Sunday, July 31, 2011

Little Money Secrets

Little things can make a difference in money matters. Just as small adjustments to a swing can change a golfer's game or a batter's average, paying attention to a few details can make you better off financially speaking.

Calculate your net worth. This is the most basic thing you can do. At least every three months, figure out where you stand. If you don't keep score, you won't know how well you're doing and whether or not you're making progress. You can't do any financial planning without knowing your net worth.

Reinvest dividends and interest. Rolling your investment income into new investments allows you to compound your earnings. The leverage from compounding over time is astonishing (see If you reinvest your investment income, you'll have a more reliable source of growth in your wealth than stocks, gold, oil or any other asset class.

Sweep excess income into savings. Let's say, near the end of the month, you've been true to your budget and have some excess income from your last paycheck. Sweep the excess income into a savings vehicle. The savings vehicle can be a savings or money market account at a bank, or a money market fund account. As funds build up in the savings vehicle, you can transfer them to a mutual fund or other longer term investment, if you like. But the point is to get them out of your checking account, where they may be viewed as immediately spendable, and into the category of savings. Resist the urge to view excess income as mad money. Sweeping even small amounts adds up. If you sweep $50 a month, on average, after one year you'll have $600. After ten years, you'll have $6,000, plus investment returns. After twenty years, the total will be $12,000. With investment returns, it might have grown to $20,000. After thirty years, you've swept $18,000, and investment returns may have made the total $30,000 to $40,000. Remember that this is in addition to your 401(k), IRA and other retirement accounts. Little crumbs can be made into crumb cake.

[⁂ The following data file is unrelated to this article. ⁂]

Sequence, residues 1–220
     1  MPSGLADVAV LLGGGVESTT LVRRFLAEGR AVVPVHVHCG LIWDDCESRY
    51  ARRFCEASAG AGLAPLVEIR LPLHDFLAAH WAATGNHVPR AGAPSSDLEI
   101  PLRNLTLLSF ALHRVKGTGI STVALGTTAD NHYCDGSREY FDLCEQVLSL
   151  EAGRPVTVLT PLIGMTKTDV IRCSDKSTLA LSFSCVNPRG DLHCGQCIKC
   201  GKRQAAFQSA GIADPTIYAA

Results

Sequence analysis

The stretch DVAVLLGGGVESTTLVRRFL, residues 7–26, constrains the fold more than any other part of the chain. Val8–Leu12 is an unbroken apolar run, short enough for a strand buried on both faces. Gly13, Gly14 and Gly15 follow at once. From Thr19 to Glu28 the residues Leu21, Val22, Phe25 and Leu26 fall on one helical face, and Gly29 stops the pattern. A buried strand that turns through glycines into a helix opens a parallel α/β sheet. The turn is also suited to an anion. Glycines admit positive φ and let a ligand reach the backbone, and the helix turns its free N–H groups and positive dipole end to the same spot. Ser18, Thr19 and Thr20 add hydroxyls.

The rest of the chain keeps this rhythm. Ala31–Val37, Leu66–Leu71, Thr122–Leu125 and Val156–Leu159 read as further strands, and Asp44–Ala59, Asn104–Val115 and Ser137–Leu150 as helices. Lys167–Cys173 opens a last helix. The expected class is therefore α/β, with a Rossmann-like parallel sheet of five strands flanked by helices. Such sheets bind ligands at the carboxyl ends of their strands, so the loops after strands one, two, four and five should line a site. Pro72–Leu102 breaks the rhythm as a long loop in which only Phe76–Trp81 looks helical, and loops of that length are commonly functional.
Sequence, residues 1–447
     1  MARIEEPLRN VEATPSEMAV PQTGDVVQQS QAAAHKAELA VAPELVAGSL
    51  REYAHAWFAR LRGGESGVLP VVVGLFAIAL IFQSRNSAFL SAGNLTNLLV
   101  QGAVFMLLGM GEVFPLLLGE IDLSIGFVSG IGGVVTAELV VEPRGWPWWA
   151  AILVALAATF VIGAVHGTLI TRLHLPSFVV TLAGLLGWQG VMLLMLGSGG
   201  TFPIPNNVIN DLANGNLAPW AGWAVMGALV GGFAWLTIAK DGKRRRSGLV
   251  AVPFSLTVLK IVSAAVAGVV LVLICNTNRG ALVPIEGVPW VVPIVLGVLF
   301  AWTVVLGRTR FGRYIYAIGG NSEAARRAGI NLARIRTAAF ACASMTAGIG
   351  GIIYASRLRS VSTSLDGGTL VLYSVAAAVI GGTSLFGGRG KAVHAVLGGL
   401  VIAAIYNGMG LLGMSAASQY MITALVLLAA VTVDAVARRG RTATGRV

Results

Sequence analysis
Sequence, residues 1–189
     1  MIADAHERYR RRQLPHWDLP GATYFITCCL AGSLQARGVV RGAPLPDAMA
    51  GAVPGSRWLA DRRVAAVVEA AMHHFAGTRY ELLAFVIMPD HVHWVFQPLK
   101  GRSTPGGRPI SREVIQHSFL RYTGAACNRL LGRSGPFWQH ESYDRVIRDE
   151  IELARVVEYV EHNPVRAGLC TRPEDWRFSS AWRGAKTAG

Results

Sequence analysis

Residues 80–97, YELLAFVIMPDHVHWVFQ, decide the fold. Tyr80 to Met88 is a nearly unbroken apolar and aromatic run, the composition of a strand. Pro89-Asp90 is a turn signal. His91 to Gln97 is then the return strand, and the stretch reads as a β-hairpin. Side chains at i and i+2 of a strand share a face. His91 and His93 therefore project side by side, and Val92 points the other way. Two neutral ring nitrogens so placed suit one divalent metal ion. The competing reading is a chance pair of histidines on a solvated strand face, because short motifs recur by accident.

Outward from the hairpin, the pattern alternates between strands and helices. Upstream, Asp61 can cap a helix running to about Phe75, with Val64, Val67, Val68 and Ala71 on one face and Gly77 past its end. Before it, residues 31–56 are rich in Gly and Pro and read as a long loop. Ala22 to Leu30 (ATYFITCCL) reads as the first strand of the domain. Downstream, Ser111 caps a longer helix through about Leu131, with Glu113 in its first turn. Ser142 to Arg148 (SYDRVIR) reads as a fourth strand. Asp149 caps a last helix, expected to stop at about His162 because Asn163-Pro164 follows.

Focus on saving. Too much time and energy are devoted to searching for the ideal investment strategies, and not enough to saving as much as possible. There is no way to pick the optimal investment strategy for the next five years, let alone the next thirty, forty or fifty, because no one can predict the future with certainty. Look at the past five years if you think otherwise. People who save more have more capital to invest and diversify among different asset classes. People who save only modest amounts may find themselves taking big risks in order to ensure a comfortable retirement. The Great Recession has taught us that taking large risks doesn't always yield high returns, or any returns at all. Saving more, and moderating risk, is a smarter long term strategy.

Avoid debt. This is the biggest secret of all, because, judging from the growth of consumer debt in recent decades, so few people seem to understand it. Since most people borrow money to consume, they get no financial return from it. It's a pure cost item, with the repayment of principal and interest coming out of future income. Of course, most people need to borrow to buy large items, like a house, an education, or a car. But borrow only when you must and when there is an important reason. You have a finite lifetime income, and the more of your finite income you devote to debt repayment, the less you'll have for everything else. Why enrich banks? (For more on this point, see

In baseball, most hits are singles, even for Hall of Famers. The same is true for financial planning. Apply these little secrets, and your golden years will likely glow more brightly.

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